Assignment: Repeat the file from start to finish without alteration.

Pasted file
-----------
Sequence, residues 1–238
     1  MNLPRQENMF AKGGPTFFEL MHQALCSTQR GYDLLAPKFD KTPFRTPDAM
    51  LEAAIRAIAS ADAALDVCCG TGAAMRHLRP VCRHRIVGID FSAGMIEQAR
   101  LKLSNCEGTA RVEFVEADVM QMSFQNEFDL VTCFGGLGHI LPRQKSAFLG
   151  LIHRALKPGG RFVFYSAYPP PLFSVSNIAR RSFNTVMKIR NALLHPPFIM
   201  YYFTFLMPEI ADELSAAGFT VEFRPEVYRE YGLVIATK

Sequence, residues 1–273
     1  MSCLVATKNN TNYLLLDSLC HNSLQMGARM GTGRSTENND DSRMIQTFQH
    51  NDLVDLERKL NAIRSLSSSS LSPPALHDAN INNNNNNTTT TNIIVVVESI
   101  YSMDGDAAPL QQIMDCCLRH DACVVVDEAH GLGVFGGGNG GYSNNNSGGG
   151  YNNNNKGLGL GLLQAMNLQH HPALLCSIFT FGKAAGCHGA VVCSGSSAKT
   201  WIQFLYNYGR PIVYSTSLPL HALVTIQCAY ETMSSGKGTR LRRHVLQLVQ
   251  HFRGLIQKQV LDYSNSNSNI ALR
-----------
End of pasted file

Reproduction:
Sequence, residues 1–238
     1  MNLPRQENMF AKGGPTFFEL MHQALCSTQR GYDLLAPKFD KTPFRTPDAM
    51  LEAAIRAIAS ADAALDVCCG TGAAMRHLRP VCRHRIVGID FSAGMIEQAR
   101  LKLSNCEGTA RVEFVEADVM QMSFQNEFDL VTCFGGLGHI LPRQKSAFLG
   151  LIHRALKPGG RFVFYSAYPP PLFSVSNIAR RSFNTVMKIR NALLHPPFIM
   201  YYFTFLMPEI ADELSAAGFT VEFRPEVYRE YGLVIATK

Sequence, residues 1–273
     1  MSCLVATKNN TNYLLLDSLC HNSLQMGARM GTGRSTENND DSRMIQTFQH
    51  NDLVDLERKL NAIRSLSSSS LSPPALHDAN INNNNNNTTT TNIIVVVESI
   101  YSMDGDAAPL QQIMDCCLRH DACVVVDEAH GLGVFGGGNG GYSNNNSGGG
   151  YNNNNKGLGL GLLQAMNLQH HPALLCSIFT FGKAAGCHGA VVCSGSSAKT
   201  WIQFLYNYGR PIVYSTSLPL HALVTIQCAY ETMSSGKGTR LRRHVLQLVQ
   251  HFRGLIQKQV LDYSNSNSNI ALR